But the most vivid memory of the past at Bawburgh is the collection of late medieval glass in the nave. Best of all is St Barbara. She stands proudly, holding her church. Across the nave is a lovely fragment of an Annunciation scene. Mary stands in front of a pot of lilies, and a scroll declares Ecce Ancilla Domini Fiat ('Behold the Handmaid of the Lord, Let it be so'). A crowned female head nearby is probably from a Coronation of the Blessed Virgin.

There are floating angels, perhaps censing or collecting the precious blood at the crucifixion, and a king who may be Christ from the same Coronation scene. There is larger, crowned, bearded king, perhaps God the Father, some fragments of St Catherine and perhaps St Gregory, and a lay figure in late medieval dress who might just be a pilgrim to the Shrine of St Walstan. Perhaps most pleasing, because it is so complete, is a set of roundels featuring the words of the Nunc Dimmitis, Simeon's prayer on seeing the infant Christ for the first time. It is rather moving to find them in the same window as the Annunciation, which features words which would be familiar to pilgrims from both the Ave Maria and the Magnificat. It is easy to imagine them sitting telling their beads at a journey's end, contemplating this glass.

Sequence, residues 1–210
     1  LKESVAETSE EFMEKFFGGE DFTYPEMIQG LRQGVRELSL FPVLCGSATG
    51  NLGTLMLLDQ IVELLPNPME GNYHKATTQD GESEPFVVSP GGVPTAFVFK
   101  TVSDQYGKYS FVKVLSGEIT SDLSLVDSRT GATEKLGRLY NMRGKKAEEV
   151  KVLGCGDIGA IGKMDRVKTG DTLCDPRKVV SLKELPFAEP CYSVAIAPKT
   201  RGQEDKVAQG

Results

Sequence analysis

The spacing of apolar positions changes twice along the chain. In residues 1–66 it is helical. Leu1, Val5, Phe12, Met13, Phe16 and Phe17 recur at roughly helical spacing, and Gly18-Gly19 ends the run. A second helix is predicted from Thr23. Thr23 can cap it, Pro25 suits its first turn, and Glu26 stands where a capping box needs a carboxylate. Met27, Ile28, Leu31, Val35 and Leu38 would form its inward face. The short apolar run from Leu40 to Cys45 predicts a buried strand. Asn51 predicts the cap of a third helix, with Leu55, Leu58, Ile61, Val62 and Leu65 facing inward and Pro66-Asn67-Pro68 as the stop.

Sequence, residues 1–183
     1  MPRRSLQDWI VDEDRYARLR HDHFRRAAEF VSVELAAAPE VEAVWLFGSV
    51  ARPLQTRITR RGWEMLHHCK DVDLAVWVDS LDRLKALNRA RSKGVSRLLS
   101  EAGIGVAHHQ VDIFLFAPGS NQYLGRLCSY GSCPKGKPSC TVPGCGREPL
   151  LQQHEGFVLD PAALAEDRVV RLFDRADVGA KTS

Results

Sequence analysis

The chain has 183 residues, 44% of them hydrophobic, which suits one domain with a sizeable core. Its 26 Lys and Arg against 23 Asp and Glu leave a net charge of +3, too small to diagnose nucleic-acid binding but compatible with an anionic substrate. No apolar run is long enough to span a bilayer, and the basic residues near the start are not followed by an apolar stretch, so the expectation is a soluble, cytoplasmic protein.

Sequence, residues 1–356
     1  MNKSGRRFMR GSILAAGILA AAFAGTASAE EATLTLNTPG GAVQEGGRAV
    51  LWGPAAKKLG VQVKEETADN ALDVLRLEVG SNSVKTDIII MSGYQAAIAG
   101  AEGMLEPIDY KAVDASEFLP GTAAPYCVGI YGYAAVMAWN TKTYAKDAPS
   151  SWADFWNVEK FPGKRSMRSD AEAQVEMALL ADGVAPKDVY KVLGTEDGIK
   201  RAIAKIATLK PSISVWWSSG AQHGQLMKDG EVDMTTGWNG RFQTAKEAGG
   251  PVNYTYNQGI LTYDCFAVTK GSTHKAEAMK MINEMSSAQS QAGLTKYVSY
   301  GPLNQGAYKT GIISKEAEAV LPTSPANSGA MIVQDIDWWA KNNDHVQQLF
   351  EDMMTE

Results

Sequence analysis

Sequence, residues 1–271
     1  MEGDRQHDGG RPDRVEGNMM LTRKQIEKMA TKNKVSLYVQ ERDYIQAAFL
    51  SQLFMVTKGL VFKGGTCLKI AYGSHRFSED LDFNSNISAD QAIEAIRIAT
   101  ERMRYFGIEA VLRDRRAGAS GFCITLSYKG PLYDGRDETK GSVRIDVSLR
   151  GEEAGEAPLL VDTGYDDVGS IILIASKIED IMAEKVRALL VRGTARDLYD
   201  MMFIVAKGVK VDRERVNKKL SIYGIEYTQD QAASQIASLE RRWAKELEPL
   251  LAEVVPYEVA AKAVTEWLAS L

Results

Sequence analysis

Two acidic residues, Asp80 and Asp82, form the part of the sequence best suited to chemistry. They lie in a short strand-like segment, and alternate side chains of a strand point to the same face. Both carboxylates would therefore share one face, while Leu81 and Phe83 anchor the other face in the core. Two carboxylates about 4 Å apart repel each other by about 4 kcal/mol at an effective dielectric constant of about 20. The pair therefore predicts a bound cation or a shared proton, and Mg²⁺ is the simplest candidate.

Angel at the Annunciation (15th Century) St Barbara (15th Century)
fragments (donor head? 15th Century) Angel at the Annunciation (15th Century) St Barbara (15th Century) 'Ecce Ancilla Domini Fiat': Mary at the Annunciation (15th Century) crowned Blessed Virgin robed in ermine at Coronation of the Queen of Heaven (15th Century)
crowned BVM (15th Century) Crowned head of a king, probably Christ from a Coronation of the Blessed Virgin scene (15th Century) sad crowned head (15th Century)

At the west end of the church is a small patch of wall painting which defies easy interpretation. It is obviously at least three separate subjects, the most recent being part of an Elizabethan text, below that apparently two figures embracing, the lowest a roundel topped by indecipherable text. It is likely that there is part of a Seven Works of Mercy sequence, which was often placed on the western wall of a smaller church like this.